A meditation on manhood takes a turn into magical realism in this mesmerizing novel.
Sam, his father and his older brother are all coping—with varying degrees of success; Sam’s coping includes whiskey and frozen pizza—with Sam’s mother’s departure for Women’s Land. In an attempt to pull things together, his dad decides they will spend the summer on the Outer Banks of North Carolina. Prickly yet lethargic, 17-year-old Sam gradually becomes intrigued by the mysterious, beautiful blonde girls who work at the hotels and restaurants there. Interspersed throughout Sam’s slightly sarcastic first-person narration are short, haunting prose poems from these sisters, who can’t swim though they come from the ocean and whose mother is the Deepness and whose father is the Endlessness. The girls seem to reinvent themselves as needed, much as they reinvent the island where they live, adding to the air of mystery. The brothers’ parents are vividly portrayed, particularly the once-frumpy mother who left their father in a “swamp of discontent”—which turns into a complete abandonment of his job and their usual life. The heart of the story centers on Sam’s gradual unfurling into a less brittle, kinder and more thoughtful youth. The writing, though realistically laced with the F-word and references to smoking and drinking, has a curiously appealing distance from the ordinary but doesn’t abandon it altogether.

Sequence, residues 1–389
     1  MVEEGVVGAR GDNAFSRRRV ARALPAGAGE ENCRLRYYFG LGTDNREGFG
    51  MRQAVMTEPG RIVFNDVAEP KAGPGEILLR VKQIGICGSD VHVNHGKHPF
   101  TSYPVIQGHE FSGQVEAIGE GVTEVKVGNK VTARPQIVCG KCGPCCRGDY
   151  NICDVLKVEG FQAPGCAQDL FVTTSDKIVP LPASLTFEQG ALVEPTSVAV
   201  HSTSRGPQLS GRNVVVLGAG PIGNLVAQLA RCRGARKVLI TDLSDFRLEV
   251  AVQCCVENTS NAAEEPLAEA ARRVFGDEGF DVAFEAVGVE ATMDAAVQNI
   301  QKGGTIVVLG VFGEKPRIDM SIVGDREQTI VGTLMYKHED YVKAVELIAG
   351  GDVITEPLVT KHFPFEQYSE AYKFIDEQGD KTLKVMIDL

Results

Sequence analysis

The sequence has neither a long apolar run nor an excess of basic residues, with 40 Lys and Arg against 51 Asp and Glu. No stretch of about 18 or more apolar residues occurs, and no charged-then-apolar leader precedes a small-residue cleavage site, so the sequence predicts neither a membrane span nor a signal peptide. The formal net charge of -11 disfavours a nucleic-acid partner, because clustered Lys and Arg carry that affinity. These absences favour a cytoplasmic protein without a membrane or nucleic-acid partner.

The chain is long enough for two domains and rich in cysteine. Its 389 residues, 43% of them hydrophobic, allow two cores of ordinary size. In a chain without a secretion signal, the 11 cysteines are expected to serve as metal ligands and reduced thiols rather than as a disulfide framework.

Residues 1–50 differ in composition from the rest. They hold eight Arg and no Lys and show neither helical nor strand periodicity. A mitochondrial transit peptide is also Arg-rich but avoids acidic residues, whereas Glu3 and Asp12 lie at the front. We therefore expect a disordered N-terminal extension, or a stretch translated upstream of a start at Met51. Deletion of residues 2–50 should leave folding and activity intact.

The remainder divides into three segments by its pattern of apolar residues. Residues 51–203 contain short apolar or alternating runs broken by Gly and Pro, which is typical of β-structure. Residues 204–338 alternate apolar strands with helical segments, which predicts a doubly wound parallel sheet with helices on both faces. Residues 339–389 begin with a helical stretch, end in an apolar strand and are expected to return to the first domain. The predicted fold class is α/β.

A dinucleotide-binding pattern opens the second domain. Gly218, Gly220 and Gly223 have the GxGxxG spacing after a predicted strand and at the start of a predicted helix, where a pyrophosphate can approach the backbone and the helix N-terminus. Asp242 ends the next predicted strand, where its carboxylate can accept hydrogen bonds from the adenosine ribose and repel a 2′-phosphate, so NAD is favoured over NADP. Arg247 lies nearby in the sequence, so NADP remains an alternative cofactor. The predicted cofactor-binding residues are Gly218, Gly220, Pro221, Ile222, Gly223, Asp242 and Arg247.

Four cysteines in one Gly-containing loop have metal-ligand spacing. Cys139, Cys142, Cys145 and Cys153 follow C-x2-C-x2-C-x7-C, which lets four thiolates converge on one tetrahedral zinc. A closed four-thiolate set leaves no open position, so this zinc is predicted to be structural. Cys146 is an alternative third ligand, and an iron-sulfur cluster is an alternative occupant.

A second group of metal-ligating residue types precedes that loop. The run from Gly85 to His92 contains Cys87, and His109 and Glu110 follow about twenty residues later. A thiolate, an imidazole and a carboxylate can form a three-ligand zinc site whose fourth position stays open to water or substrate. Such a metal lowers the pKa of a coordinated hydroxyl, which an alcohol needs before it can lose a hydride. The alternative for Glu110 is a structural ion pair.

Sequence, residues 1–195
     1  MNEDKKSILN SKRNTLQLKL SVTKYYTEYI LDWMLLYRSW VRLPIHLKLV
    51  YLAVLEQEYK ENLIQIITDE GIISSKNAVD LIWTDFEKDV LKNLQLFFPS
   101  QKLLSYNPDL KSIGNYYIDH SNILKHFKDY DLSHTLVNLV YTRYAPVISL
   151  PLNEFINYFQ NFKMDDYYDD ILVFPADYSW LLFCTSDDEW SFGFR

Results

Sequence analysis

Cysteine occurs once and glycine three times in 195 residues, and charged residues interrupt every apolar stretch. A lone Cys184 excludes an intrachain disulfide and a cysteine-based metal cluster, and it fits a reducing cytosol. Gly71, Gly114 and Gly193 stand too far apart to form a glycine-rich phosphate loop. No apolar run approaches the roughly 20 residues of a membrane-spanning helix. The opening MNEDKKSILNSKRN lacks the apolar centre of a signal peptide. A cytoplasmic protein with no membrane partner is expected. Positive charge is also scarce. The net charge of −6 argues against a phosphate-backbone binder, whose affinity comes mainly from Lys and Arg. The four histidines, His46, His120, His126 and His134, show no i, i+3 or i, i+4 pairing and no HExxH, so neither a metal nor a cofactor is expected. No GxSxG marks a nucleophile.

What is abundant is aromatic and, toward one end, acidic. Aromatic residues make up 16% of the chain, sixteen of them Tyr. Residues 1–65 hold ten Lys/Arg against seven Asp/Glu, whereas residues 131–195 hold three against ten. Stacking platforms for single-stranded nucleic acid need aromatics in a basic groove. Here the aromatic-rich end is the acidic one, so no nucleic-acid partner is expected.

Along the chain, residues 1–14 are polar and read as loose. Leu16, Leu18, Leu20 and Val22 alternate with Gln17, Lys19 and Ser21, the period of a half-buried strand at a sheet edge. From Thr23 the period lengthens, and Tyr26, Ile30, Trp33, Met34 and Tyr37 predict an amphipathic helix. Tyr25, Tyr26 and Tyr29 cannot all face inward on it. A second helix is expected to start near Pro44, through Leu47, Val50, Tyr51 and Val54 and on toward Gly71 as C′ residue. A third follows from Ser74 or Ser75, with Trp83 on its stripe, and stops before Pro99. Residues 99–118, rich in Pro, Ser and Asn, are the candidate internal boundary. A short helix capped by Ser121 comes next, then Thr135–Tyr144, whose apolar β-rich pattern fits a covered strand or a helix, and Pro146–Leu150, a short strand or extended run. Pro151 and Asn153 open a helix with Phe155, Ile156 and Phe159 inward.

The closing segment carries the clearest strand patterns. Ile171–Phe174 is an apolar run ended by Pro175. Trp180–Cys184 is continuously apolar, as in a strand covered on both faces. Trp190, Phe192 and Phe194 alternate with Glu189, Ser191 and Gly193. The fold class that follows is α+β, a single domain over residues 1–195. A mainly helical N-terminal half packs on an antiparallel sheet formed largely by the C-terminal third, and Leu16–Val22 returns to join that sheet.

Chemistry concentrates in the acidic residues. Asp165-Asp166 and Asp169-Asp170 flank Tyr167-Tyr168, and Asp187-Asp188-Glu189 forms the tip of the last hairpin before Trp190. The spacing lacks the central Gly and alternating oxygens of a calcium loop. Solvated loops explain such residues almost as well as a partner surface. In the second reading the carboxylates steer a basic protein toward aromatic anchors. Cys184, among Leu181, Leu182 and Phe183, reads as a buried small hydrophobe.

A not-mermaid story for boys. (Magical realism. 14 & up)